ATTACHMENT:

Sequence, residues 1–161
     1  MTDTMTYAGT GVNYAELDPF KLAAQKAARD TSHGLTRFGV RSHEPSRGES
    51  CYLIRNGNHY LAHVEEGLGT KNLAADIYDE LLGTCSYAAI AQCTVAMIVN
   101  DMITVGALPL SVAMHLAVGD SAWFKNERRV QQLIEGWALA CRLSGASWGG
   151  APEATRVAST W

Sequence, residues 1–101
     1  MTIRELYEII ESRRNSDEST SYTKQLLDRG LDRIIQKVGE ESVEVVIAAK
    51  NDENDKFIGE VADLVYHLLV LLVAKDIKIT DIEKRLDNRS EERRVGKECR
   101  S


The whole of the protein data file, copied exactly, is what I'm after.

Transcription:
Sequence, residues 1–161
     1  MTDTMTYAGT GVNYAELDPF KLAAQKAARD TSHGLTRFGV RSHEPSRGES
    51  CYLIRNGNHY LAHVEEGLGT KNLAADIYDE LLGTCSYAAI AQCTVAMIVN
   101  DMITVGALPL SVAMHLAVGD SAWFKNERRV QQLIEGWALA CRLSGASWGG
   151  APEATRVAST W

Sequence, residues 1–101
     1  MTIRELYEII ESRRNSDEST SYTKQLLDRG LDRIIQKVGE ESVEVVIAAK
    51  NDENDKFIGE VADLVYHLLV LLVAKDIKIT DIEKRLDNRS EERRVGKECR
   101  S